Interviews with Grace Lee Whitney have suggested that Janice Rand held the rank of chief petty officer in The Motion Picture. (citation needededit) This is probably also how associate producer Jon Povill thought of Rand. Shortly after mistaking her for an ensign, Povill sent a memo to costume designer Robert Fletcher that recognized the error, stating, "Rand is not an ensign. She is a transporter chief. This means there should be no sleeve on her costume. Sorry about that, Chief." (The Making of Star Trek: The Motion Picture, pp. 126-127) The designation "Chief" is often assigned to Chief Petty Officers.

Woman in cafeteria

"Woman in cafeteria" from Star Trek III

According to the script of Star Trek IV: The Voyage Home, Rand was a master chief petty officer. At first glance, this seems to contradict Grace Lee Whitney's appearance in Star Trek III: The Search for Spock, when she wore an officer's uniform and the rank insignia of a full commander. The credits for that film, however, did not specify that Whitney's character was Janice Rand. She was merely credited as "Woman in Cafeteria." To add further confusion, the on-screen credits for Star Trek IV: The Voyage Home call her character "Commander Rand."

In the script of Star Trek VI: The Undiscovered Country, Rand is referred to merely as the "Communications Officer" of the Excelsior and she (instead of the unnamed officer played by Christian Slater) was written as the character that awakens Sulu to inform him that Starfleet was looking for the Enterprise. However, Christian Slater was a huge fan of the show and his mother – Mary Jo Slater, the movie's casting director – petitioned heavily to get him a part. (audio commentary, Star Trek VI: The Undiscovered Country (Special Edition) DVD)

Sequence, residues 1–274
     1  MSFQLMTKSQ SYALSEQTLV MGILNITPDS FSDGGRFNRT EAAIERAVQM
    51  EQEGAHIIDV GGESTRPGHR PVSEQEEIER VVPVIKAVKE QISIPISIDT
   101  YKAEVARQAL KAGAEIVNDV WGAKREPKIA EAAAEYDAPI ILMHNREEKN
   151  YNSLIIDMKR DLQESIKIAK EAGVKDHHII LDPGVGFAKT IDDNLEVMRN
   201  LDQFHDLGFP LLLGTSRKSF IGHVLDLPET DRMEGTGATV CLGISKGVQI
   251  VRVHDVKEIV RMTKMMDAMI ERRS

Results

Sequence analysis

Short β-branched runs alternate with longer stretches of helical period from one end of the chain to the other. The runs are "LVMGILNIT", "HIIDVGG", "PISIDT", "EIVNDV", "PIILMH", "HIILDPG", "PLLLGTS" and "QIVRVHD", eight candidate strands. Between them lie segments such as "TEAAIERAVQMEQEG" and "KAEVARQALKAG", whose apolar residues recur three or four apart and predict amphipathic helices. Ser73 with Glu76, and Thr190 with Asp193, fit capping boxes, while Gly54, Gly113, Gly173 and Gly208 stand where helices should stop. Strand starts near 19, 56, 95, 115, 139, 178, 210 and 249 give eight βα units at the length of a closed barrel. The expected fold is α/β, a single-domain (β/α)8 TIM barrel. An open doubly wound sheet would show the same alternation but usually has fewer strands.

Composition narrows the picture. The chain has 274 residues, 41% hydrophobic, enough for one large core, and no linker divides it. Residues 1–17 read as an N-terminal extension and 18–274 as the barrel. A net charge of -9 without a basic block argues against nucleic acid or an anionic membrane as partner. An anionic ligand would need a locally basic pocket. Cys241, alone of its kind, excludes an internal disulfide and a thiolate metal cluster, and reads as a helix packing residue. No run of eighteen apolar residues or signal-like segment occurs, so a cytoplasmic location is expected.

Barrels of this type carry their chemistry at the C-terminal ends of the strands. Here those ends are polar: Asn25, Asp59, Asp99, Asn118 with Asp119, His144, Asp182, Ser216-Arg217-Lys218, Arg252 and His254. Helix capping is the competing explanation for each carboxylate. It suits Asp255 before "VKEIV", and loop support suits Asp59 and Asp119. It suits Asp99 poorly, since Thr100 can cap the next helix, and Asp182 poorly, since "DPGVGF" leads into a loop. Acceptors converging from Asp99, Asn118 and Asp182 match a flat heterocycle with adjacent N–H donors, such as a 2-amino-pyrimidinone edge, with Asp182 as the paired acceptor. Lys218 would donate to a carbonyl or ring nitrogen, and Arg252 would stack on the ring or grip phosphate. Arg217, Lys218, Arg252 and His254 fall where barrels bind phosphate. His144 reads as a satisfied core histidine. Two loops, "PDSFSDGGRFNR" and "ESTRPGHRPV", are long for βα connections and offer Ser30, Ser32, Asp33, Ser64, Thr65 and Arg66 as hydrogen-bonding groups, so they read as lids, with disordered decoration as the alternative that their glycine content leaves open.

The Voyager episode "Flashback" incorrectly depicted Rand as a lieutenant commander, even though she was a lieutenant j.g. in Star Trek VI: The Undiscovered Country. Some of the comics set around the time of Sulu taking command of Excelsior not only support this, but imply that she was the Excelsior's first officer.

A costume worn by Grace Lee Whitney as Janice Rand in Star Trek VI: The Undiscovered Country was auctioned off in the It's A Wrap! sale and auction and included two ten-year service pins and a five-year service pin, corresponding to the fact that she had served in Starfleet for around thirty years. [2]


In the 1997 Marvel Voyager comic book "Ghosts," two prominent characters, Josh and Athena Rand, are said to be relatives of Janice. They are noted for coming from a long line of Starfleet officers.

In IDW Publishing's alternate reality adaptation of TOS: "The Galileo Seven" (in the third and fourth issues of IDW's ongoing range of comics), Yeoman Rand is one of the several landing party members who become stranded on Murasaki 312 but survive the experience.